Unreality Bomb, a term which characterizes a painting that had pieces deliberately removed, is a new exhibit of works that have unseen layers removed to playfully reveal the artists’ emotions and vulnerable sincerity.
Painter/curator Alex Sewell presents Unreality Bomb, a new group exhibit featuring paintings and sculptures displaying the combination of abstract and figurative expression at Five Myles Gallery. The exhibit, which features works by Jake Brush, Paul Gagner, Jessica Tawcyznski, Maggie Goldstone, Duy Hoàng, Dan Fig and Eric Ashcraft, will be on view from March 17 to April 15.
The term “Unreality Bomb” was first coined by Roger White in the art book The Contemporaries in which he used the term to characterize a painting that had pieces deliberately removed from it, as a stylistic choice. White’s term describes the theme of Sewell’s exhibit Unreality Bomb, a collection of works that have unseen layers removed to create an impression of space; the works on display are influenced by the contributing artists’ emotions, featuring self-revealing images and impressions of a vulnerable sincerity.
Eric Ashcraft, whose work has been presented at galleries all over the country including Chicago, Portland, New York, Valencia and Indianapolis, paints careful arrangements of mundane objects connected together, balancing on or hanging from each other, against monochrome backgrounds, producing an unsettling effect. Many of these images pass on the artist’s anxieties, as in his “Still Life with Brain.”
Video artist Jake Brush is a 2017 Signal Culture artist in residence, who uses mundane objects such as strawberries, houses, body parts and picket fences that overlap, slide or crowd the screen, thereby creating comical, whimsical and sometimes grotesque associations of ideas. Aside from Five Myles gallery, Brush’s video work has been on view at galleries all across New York.
Through a series of images, painter Dan Fig presents an intimate, personal narrative disrupted by geometric patterns. His paintings are amalgamations of cultural influences ranging from explicit art historical references, graphic design and advertising language, soccer matches and more which often These elements, in concert with one another, create a familiarity with a tendency toward the absurd.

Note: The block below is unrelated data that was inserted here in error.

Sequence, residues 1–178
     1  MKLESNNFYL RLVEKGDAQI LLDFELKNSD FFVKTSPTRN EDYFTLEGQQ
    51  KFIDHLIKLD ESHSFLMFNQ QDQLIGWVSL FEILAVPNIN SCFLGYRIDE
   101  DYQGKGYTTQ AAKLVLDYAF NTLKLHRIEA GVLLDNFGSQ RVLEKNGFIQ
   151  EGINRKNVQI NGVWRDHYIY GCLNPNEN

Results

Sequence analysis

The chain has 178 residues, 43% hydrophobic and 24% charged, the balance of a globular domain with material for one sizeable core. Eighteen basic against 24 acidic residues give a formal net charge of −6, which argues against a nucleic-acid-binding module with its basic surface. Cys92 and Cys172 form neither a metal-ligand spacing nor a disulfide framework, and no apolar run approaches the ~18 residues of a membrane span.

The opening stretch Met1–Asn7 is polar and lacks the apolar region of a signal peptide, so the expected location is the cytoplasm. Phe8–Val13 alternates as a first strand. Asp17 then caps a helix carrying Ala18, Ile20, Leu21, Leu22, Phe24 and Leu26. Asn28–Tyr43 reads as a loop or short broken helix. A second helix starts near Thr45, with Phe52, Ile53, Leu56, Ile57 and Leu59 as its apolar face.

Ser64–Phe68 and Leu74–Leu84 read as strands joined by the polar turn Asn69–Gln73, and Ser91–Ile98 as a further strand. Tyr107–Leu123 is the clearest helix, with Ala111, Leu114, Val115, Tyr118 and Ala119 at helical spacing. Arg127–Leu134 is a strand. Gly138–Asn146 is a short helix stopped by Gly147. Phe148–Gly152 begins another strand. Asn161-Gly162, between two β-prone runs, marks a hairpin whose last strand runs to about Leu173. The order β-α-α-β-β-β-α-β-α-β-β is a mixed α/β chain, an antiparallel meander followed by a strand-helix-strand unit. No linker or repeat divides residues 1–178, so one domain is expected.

Brooklynite Paul Gagner has shown in numerous group shows in New York, most recently at Driscoll Babcock, and has work in the print archive’s permanent collection at the Museum of Modern Art in New York. For this exhibit, he presents a series of exaggerated self-portraits, infused with a comical sense of unease and gives a window into the artist’s daily experience with a refreshing lack of complacency.
Maggie Goldstone‘s artwork has been at home in various galleries all across New York City as well as in Boston, Hamburg and Singapore. Her paintings on view at Five Myles depict tender scenes of bathing and self-care, as well as memories with specific people or animals. Her bold, often uniformly colored yet richly textured backgrounds create an impression of intimacy, bringing forward subject, and appealing to the viewer’s empathy with the depicted human or animal.
Duy Hoàng’s work certainly will spike the viewer’s curiosity: He presents plant-based installations, using transparent plastic sheets and cups, making the audience inevitably want to know more about the secrets held by these small containers.
Brooklyn-based artist Jessica Tawczynski’s paintings highlight ever-developing landscapes. Painted planes juxtapose, suggesting a much larger world that stretches beyond the canvass. In 2017, Tawczynski was the artist in residence at Gilfelagid Listagil in Akureyri, Iceland; she will begin a new residency at Listhus AIR Iceland in September 2018.
Unreality Bomb is on view from March 17 to April 15. Gallery hours are Thursday through Sunday from 1:00 pm to 6:00 pm or by appointment.
‘Unreality Bomb’ Opening Reception
When: Saturday, March 17, 5:00 pm -8:00 pm
Where: Five Myles Gallery, 558 St Johns Pl, Brooklyn, NY 11238